Research has shown that the benefits of mindfulness meditation are far-reaching, from minimizing pain sensitivity to helping us regulate our emotions. The newest study suggests it could also have benefits specifically for people with rheumatoid arthritis.
The small study, conducted by researchers from Oslo's Diakonhjemmet Hospital, shows that people who partake in mindfulness exercises had less fatigue and lower levels of stress than people who just receive standard treatment for the condition.
The research was published in the journal Annals of Rheumatic Diseases, and included 73 people with rheumatoid arthritis, ankylosing spondylitis or psoriatic arthritis between ages 20 and 70. Half of the people were chosen to do mindfulness exercises that were done in 10 group sessions for 15 weeks, as well as one more session six months after the 10 sessions were completed. The other half of the people were just given regular care for the condition, as well as a CD that taught them how to do mindfulness exercises.
In this particular study, mindfulness meditation aimed to help people concentrate on their own thoughts, experiences and pain in the moment, without actively trying to avoid them or judge them, researchers said.
At the end of the study, both groups of people had the same pain levels, ability to talk about how they were feeling and disease activity. However, the people who had the group mindfulness training scored significantly lower in measurements of stress and fatigue, compared with people who didn't have the training.
Even though this study didn't show that mindfulness had any effect on reducing pain levels, past research suggests it can help to ease pain. A study in the Journal of Neuroscience showed that mindfulness meditation can lower pain levels by 57 percent, USA Today reported.
A separate study, in the journal Cerebral Cortex, suggests that meditation has this pain-relieving effect by increasing brain activity in regions associated with sensory information processing, according to USA Today.
For more on the health benefits of meditation, click through this slideshow:
Quite literally, sustained meditation leads to something called neuroplasticity, which is defined as the brain's ability to change, structurally and functionally, on the basis of environmental input. For much of the last century, scientists believed that the brain essentially stopped changing after adulthood. But research by University of Wisconsin neuroscientist Richard Davidson has shown that experienced meditators exhibit high levels of gamma wave activity and display an ability -- continuing after the meditation session has attended -- to not get stuck on a particular stimulus. That is, they're automatically able to control their thoughts and reactiveness.
A 2005 study on American men and women who meditated a mere 40 minutes a day showed that they had thicker cortical walls than non-meditators. What this meant is that their brains were aging at a slower rate. Cortical thickness is also associated with decision making, attention and memory.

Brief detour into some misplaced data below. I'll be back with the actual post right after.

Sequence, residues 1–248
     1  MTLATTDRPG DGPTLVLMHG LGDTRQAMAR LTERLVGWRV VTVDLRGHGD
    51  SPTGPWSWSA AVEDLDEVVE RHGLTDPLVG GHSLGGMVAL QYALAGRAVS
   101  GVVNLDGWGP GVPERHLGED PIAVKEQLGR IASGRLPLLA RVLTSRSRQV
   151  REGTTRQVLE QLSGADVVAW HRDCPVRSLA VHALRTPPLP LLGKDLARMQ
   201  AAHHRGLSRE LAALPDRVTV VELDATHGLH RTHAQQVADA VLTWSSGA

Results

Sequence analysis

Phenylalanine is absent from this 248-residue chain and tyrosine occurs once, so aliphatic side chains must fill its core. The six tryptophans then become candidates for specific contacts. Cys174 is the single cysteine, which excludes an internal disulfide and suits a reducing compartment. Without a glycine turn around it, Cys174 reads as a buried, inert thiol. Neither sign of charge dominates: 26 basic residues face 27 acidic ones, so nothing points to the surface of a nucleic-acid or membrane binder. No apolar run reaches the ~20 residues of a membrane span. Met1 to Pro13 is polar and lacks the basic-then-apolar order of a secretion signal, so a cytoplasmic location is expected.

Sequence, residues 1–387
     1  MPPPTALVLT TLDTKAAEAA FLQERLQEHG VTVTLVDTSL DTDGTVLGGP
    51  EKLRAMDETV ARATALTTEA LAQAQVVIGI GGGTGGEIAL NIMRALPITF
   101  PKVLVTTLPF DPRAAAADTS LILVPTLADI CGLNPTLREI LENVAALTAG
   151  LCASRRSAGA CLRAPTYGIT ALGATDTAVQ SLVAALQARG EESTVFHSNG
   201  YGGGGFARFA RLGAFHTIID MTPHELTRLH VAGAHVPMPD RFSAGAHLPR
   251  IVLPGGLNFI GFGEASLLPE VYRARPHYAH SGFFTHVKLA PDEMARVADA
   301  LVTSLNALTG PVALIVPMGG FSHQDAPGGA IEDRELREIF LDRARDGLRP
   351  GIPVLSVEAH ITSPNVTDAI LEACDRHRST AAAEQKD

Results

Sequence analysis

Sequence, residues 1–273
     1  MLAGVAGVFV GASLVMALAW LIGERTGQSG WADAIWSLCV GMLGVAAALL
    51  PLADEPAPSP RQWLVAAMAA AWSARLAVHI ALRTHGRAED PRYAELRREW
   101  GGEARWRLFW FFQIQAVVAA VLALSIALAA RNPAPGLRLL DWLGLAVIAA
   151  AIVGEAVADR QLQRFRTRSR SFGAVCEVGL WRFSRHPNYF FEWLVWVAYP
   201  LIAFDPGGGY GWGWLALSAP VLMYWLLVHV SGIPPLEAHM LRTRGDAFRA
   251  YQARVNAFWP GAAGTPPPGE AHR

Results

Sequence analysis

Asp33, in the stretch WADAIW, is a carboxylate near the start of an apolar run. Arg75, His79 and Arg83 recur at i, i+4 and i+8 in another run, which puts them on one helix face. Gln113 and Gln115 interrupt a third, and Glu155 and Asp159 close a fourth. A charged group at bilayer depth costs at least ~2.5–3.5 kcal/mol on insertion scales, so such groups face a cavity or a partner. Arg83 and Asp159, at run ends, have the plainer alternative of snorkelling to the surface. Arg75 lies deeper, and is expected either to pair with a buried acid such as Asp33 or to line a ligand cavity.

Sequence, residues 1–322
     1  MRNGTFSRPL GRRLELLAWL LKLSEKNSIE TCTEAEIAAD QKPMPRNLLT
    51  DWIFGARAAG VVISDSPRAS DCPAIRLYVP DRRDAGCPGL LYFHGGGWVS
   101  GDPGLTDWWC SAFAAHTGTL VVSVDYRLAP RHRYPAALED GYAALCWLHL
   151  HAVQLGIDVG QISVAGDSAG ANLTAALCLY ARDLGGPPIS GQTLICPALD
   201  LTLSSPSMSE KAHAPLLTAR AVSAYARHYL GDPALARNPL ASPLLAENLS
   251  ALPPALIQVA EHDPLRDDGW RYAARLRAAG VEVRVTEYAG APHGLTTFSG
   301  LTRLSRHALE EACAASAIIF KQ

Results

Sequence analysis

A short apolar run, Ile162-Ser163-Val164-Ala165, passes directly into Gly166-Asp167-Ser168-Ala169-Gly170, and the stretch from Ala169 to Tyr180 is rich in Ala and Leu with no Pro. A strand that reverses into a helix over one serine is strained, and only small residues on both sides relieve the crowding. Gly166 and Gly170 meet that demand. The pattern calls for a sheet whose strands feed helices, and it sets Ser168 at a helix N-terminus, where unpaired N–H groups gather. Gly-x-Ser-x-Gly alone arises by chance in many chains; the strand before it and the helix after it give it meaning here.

In a 2006 study, college students were asked to either sleep, meditate or watch TV. They were then tested on their alertness by being asked to hit a button every time a light flashed on a screen. The meditators did better than the nappers and TV watchers -- by a whole 10 percent.
In 2008, Dr. Randy Zusman, a doctor at the Massachusetts General Hospital, asked patients suffering from high blood pressure to try a meditation-based relaxation program for three months. These were patients whose blood pressure had not been controlled with medication. After meditating regularly for three months, 40 of the 60 patients showed significant drops in blood pressure levels and were able to reduce some of their medication. The reason? Relaxation results in the formation of nitric oxide which opens up your blood vessels.
Telomeres -- the protective caps at the end of our chromosomes -- are the new frontier of anti-aging science. Longer telomeres mean that you're also likely to live longer. Research done by the University of California, Davis' Shamatha Project has shown that meditators have significantly higher telomerase activity that non-meditators. Telomerase is the enzyme that helps build telomeres, and greater telomerase activity can possibly translate into stronger and longer telomeres .
A 2008 study on HIV positive patients found that, after an eight-week meditation course, patients who'd meditated showed no decline in lymphocyte content compared with non-meditators who showed significant reduction in lymphocytes. Lymphocytes or white blood cells are the "brain" of the body's immune system, and are particularly important for HIV positive people. The study also found that lymphocyte levels actually went up with each meditation session. However, due to the small sample size -- only 48 volunteers -- it's harder to draw definitive conclusions.
Earlier this year, a study conducted by Wake Forest Baptist University found that meditation could reduce pain intensity by 40 percent and pain unpleasantness by 57 percent. Morphine and other pain-relieving drugs typically show a pain reduction of 25 percent. Meditation works by reducing activity in the somatosensory cortex and increasing activity in other areas of the brain. This study also had a small sample size, making it harder to draw definite conclusions.
The Positive Benefits of Meditation